If this topic seems unclear to you, allow me to shed some light. You may see metaphors as literary devices, but in fact, our everyday language is full of them, and they are among the keys to speaking English like a native or just enjoying the play of our language.
A great thing about every day, or ‘conceptual,’ metaphors, like UNDERSTANDING IS SEEING, is that they allow us to say many different things, like I think you’re starting to get the picture, and this article is opening your eyes to a new way of seeing language!
Metaphor #1: UNDERSTANDING IS VISION
This concept makes us describe ideas as dim, bright, fuzzy, brilliant, and colorful. It means that we can illuminate difficult concepts, if you see what I mean.
This is one of the most productive metaphors in most languages.
Metaphor #2: EMOTIONS ARE DEMONS, ENEMIES, OR DISEASES
Have you every been possessed by a feeling? Had fear or infectious humor enter into you, overpower you, or knock you out? Struggled with anger or gotten sick with envy?
Apparently, our language encodes the fact that we often feel pushed around, or worse, by our emotions, so we apparently think of them as dangerous opponents.
Metaphor #3: LIFE IS A JOURNEY (IN A VEHICLE)
You’ve heard ‘life is a journey’ before, but look at what we actually say: I took a wrong turn in life, so I think I’ve got to put on the brakes, and grab the steering wheel, because I was going too fast.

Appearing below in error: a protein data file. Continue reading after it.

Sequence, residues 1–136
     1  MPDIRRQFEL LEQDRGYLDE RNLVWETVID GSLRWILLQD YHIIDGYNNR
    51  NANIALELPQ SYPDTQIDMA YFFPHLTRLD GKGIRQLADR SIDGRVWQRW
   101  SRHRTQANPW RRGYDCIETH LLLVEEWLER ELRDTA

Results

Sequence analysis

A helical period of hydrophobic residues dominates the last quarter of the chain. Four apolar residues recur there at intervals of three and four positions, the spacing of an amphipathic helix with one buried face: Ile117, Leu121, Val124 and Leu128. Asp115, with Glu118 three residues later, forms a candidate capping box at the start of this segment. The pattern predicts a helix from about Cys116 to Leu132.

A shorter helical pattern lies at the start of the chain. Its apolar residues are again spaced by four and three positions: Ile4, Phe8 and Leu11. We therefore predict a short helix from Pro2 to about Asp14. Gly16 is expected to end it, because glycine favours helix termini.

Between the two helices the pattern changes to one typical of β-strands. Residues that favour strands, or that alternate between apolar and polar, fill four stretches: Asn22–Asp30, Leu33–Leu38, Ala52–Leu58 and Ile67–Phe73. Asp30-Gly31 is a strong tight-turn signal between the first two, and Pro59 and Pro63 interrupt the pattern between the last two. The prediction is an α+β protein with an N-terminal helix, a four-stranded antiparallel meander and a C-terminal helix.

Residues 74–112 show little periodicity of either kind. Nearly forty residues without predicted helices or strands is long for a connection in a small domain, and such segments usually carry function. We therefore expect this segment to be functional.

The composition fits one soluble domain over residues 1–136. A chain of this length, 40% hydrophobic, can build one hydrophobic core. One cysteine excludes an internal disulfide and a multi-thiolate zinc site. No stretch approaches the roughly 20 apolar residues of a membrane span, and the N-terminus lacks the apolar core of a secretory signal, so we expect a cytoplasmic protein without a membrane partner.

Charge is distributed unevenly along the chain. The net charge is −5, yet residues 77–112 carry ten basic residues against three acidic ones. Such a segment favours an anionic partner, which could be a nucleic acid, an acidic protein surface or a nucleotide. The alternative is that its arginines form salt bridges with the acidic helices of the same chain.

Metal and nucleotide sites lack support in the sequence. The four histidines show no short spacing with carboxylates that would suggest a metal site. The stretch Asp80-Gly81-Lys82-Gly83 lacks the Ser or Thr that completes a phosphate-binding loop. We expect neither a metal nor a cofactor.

I’m betting the vehicular version of the ‘life is a journey’ metaphor is particularly common in America, land of cars.
We can also stumble on the path of life, get lost, and find sign-posts and landmarks in our lives. Until we reach our final destination of course.
Metaphor #4: IDEAS ARE SMALL OBJECTS
You should turn this one over in your mind for a moment. Have you taken an old forgotten idea off the shelf, dusted it off, and taken a better look at it from all sides?
Let me just throw this one out there; we think of ideas as hand-sized objects. We grasp them, toss them around, and even juggle them.
Well, those four, among hundreds, of ‘conceptual metaphors’ may get you started; it’s fun to discover them by listening to people.
And if I’ve turned you on with this idea, you can look for a copy of Metaphors We Live By, by George Lakoff and Mark Johnson, the linguists who first noticed them.